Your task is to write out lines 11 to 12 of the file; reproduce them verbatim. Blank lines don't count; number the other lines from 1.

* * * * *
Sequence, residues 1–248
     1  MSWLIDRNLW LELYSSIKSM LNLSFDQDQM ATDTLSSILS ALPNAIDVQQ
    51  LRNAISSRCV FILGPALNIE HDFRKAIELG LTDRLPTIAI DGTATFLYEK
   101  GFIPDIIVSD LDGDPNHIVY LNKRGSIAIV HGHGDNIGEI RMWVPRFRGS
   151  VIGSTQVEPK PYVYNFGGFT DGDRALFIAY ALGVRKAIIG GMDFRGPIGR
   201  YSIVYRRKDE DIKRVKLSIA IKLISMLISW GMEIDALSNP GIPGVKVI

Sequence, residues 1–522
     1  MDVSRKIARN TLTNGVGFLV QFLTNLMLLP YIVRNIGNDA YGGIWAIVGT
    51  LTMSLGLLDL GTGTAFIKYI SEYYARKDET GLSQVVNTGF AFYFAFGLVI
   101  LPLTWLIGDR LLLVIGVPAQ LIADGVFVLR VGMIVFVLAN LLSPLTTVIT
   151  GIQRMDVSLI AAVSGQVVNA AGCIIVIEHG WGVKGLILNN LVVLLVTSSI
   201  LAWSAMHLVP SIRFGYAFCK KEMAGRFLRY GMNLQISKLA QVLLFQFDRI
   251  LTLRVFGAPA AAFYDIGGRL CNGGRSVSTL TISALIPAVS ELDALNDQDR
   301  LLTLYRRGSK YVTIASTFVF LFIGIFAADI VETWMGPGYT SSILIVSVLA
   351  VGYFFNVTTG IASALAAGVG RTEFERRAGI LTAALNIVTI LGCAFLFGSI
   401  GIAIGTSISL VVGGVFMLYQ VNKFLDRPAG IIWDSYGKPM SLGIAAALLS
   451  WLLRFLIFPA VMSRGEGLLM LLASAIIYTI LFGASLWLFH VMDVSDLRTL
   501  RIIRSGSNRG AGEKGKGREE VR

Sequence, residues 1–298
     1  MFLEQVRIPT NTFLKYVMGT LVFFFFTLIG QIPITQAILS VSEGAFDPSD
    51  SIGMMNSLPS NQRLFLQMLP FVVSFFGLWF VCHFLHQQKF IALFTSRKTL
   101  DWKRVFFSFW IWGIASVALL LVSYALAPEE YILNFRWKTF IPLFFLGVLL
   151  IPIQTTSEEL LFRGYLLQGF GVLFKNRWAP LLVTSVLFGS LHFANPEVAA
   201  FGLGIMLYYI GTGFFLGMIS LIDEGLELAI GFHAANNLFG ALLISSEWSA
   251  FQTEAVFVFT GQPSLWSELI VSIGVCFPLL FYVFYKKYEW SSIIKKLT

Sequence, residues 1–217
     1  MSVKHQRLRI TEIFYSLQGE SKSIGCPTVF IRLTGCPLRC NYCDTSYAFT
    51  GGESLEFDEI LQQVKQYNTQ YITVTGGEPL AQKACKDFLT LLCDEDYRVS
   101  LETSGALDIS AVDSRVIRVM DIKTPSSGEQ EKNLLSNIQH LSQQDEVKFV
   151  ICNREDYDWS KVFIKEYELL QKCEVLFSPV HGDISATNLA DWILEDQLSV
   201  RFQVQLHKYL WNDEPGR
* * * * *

   151  GIQRMDVSLI AAVSGQVVNA AGCIIVIEHG WGVKGLILNN LVVLLVTSSI
   201  LAWSAMHLVP SIRFGYAFCK KEMAGRFLRY GMNLQISKLA QVLLFQFDRI